NASA’s Valkyrie “Superhero Robot” Continues Evolution for Mission to Mars

3-valkyrieroboBy Nicholas West

The evolution of humanoid robots and artificial intelligence continues to indicate a future where humans will increasingly work with – or be replaced by – their technological avatars.

One such robot that represents grand promises for making a giant leap with humans is NASA’s Valkyrie humanoid robot which continues to receive upgrades that its creators expect to take it to Mars as soon as the 2030s.

The Valkyrie concept was first unveiled to the public in December, 2013, as seen in the first video below. At the time it was being presented to participate in DARPA’s Robotics Challenge, where it did not fare well at all versus its competition – it scored zero points – being bested by that year’s winner SCHAFT, developed by Google.

Nevertheless, it has been billed as one of the most expensive humanoid robots ever created, employing more than 50 people at NASA, working two shifts for a total of 22 hours per day.

Subsequent versions eventually delivered it into the hands of several universities, including Scotland’s University of Edinburgh, then on to Northeastern in the United States where it will now spend time with developers there as part of NASA’s newest program to utilize university research to propel Valkyrie in DARPA’s competition.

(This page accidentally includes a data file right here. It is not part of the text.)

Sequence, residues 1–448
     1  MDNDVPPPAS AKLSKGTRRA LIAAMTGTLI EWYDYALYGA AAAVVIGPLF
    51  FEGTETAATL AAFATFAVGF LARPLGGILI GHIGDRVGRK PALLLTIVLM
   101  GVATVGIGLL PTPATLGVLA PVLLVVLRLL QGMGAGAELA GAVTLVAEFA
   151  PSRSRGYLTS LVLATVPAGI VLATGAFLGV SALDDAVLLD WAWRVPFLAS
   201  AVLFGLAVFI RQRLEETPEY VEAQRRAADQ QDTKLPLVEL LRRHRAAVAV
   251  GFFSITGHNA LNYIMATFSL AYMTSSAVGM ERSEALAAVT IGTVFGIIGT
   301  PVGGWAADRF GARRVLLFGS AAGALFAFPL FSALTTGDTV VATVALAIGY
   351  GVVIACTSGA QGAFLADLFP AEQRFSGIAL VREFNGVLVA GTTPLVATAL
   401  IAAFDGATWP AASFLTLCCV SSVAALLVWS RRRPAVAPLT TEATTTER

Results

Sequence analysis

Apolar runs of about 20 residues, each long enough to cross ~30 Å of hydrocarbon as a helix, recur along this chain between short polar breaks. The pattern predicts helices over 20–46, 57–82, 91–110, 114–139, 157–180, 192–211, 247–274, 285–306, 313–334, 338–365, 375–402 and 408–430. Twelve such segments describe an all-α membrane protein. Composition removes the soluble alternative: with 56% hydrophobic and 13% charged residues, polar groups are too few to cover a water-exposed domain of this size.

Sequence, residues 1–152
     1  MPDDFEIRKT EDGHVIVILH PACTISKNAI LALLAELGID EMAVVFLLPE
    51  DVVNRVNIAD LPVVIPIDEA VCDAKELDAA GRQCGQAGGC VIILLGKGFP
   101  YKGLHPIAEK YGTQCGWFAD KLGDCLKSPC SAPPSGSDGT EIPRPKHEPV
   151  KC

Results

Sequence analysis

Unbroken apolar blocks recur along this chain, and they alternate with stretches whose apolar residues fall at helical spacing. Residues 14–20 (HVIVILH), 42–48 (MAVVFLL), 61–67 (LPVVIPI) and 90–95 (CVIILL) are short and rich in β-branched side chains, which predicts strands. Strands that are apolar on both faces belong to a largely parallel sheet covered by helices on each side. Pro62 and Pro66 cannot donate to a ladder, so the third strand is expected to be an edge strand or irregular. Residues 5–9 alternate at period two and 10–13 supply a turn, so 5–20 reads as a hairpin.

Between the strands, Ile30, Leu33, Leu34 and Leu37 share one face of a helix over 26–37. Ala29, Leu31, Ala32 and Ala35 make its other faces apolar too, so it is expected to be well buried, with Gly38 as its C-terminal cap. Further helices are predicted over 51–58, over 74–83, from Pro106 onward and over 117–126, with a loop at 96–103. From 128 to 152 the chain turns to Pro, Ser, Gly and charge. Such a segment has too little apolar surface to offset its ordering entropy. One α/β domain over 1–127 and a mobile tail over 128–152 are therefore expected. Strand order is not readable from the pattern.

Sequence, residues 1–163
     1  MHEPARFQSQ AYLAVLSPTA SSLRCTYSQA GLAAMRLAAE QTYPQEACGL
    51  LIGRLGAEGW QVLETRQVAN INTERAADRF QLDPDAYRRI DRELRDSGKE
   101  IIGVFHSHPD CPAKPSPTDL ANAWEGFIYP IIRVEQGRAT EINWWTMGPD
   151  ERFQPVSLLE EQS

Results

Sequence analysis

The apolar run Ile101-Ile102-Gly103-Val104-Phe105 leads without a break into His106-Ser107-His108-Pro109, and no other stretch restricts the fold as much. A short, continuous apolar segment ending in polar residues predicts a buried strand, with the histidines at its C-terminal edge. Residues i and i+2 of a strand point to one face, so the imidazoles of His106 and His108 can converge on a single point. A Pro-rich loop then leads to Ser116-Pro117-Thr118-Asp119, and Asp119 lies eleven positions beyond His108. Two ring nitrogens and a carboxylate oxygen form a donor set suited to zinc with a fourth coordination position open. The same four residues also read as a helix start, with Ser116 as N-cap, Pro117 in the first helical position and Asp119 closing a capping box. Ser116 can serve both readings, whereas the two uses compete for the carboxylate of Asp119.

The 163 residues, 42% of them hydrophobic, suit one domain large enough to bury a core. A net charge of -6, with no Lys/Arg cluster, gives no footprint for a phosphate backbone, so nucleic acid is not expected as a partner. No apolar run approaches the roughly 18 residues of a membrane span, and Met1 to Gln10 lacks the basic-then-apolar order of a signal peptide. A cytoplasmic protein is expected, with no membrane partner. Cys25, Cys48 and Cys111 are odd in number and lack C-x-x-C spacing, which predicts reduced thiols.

While the robot still stands at 6’2 and weighs north of 250 pounds, it does appear to be more streamlined. It is now being touted as “one of the most advanced humanoid robots in the world.” You can see its progression throughout the video documentation from Edinburgh here, as well as in the latest video posted below where it is presented to an audience at Northeastern University.

Whether or not Valkyrie will fulfill its grand mission to explore deep space and help prepare Mars for human astronaut arrival – and, presumably, future colonization remains to be seen.

Do you think this is money well spent? Or is space exploration best pursued outside of government control, if at all? Please leave your thoughts below.

Image Credit: Northeastern University

Nicholas West writes for This article can be freely republished with author attribution and source link.

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